In the illustrated embodiment, the device comprises means suitable to vary the mutual distance between the support 121 and the pad 122; said means are constituted by a screw 133 the head 134 whereof is embedded in the pad 122 and the threaded stem whereof interacts with a complementarily threaded nut 135 accommodated within the support 121.
In this case, too, the intended aim and objects are therefore achieved, a braking device having been obtained which allows to adjust the angle of backward inclination of the quarter 4 to achieve interaction of the pad 122 with the ground.
It is furthermore possible to control the backward rotation of the quarter, giving a controlled and cushioned rest during sports practice by virtue of the presence of an adapted third resilient member 127 the elastic constant whereof is greater than that of the first elastically deformable element 125.
The presence of the screw 133 allows to vary the position of the pad 122 according to its wear.
A further advantage of this further embodiment is constituted by the fact that the forward rotation of the quarter is not hindered by the connection with the braking element, since the rod 131 is freely slideable within the cavity 132.
Finally, there is a retention element 128 which protrudes from the frame 106 and interacts with the support 121.
FIG. 3 illustrates a further embodiment, wherein the first rod member 208 is again telescopically slideable with respect to the second rod member 209, which is again rigidly associated with a second sleeve 217 within which a shaft 215 is slidingly arranged. The shaft 215 has, inside the second sleeve 217, a third sleeve 229 for containing a first resilient member 225 and for supporting a second resilient member 226, both of which are contained within the second sleeve 217.
The use of these resilient members allows to achieve a shock-absorbing effect both for a forward inclination of the quarter and for a backward inclination thereof.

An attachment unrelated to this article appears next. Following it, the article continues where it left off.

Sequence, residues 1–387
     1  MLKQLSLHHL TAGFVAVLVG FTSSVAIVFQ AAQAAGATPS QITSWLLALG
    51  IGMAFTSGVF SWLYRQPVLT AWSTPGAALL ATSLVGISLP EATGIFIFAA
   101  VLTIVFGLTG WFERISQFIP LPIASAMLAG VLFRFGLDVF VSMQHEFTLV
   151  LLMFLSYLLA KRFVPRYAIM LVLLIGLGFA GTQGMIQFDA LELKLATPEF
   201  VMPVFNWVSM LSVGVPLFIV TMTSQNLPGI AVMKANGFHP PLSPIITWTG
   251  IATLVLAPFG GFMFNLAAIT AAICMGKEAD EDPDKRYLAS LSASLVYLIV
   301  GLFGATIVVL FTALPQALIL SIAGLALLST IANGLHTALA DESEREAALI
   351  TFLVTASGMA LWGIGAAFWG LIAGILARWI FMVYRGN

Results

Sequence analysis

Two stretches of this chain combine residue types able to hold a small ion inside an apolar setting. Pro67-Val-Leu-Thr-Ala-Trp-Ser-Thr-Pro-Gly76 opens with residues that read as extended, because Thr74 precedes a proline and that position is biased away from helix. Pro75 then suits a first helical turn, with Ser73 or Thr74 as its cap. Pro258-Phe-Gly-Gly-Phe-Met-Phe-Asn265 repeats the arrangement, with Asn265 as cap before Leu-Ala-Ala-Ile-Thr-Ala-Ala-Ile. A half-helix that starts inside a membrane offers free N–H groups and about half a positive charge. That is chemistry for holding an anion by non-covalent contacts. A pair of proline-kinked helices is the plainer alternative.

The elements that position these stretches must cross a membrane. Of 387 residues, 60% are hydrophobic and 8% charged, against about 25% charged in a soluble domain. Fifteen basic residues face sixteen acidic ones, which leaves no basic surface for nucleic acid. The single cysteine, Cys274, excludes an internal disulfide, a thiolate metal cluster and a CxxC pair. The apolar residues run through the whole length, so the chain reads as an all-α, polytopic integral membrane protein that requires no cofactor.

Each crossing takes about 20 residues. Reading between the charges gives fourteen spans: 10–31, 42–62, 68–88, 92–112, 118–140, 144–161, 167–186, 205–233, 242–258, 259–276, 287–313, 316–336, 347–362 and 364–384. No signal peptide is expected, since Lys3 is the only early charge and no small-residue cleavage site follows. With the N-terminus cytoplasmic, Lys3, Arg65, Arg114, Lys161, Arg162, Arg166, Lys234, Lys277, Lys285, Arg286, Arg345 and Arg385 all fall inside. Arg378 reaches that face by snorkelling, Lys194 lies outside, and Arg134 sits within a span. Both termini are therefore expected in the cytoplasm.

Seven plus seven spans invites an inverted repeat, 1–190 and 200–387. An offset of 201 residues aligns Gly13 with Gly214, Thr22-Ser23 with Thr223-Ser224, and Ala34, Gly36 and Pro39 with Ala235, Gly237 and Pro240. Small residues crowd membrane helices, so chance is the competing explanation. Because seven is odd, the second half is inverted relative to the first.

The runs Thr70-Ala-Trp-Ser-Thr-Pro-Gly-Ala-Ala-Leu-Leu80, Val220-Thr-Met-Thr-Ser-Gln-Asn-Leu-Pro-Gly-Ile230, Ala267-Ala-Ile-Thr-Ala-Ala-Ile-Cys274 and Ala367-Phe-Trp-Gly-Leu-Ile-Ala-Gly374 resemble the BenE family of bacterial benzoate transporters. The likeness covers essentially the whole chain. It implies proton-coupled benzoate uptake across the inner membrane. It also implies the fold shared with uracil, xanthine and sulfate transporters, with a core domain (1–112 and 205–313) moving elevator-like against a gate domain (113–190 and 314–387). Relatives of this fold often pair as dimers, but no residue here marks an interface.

With reference to FIGS. 4-5, the reference numeral 301 designates a braking device for a skate 302 according to a further aspect of the invention.
Said skates comprise an item of footgear 303 which is composed of a quarter 304, which wraps around the rear lateral region of the user's leg and is articulated to a shell 305. A frame 306 is associated with said shell in a downward region and supports one or more wheels, designated by the reference numeral 307, which are preferably mutually aligned.
Adapted fastening levers 308 may be applied to the quarter 304 and the shell 305.
The braking device comprises at least one rod member, generally designated by the reference numeral 309, which is arranged to the rear of the item of footgear 303 and is connected to the quarter 304 by means of one or more adapted fastening members, such as for example screws or rivets 310.
The rod member 309 is shaped complementarily to the quarter 304 and is arranged outside the shell 305; it therefore has a curved shape which is suitable to arrange its end 311, which faces toward the ground 312, in a region to the rear of the frame 306, so that it can be connected to a braking element 313 which is articulated to said frame 306 in an oscillating manner.
The braking element is constituted by a support 314 the wings whereof are pivoted, at their ends, to the frame 306 by means of studs or rivets or by means of the pivot of said wheel 315a and 315b, whereas the base 316 of the support 313 is connected to the end 311 of the rod member 309.
A pad 317, preferably made of rubber and suitable to interact with the ground, is furthermore associated with the support 314 in a downward region.
Use of the braking device is in fact as follows: by virtue of the connection of the end 311 of the rod member 309 to the base 316 of the support 314 of the braking element 313, which is rotatably pivoted to the frame 306, if the user imparts a backward rotation to the quarter 304, the end 311 of the rod member 309 moves 50 as to cause the pad to interact with the ground.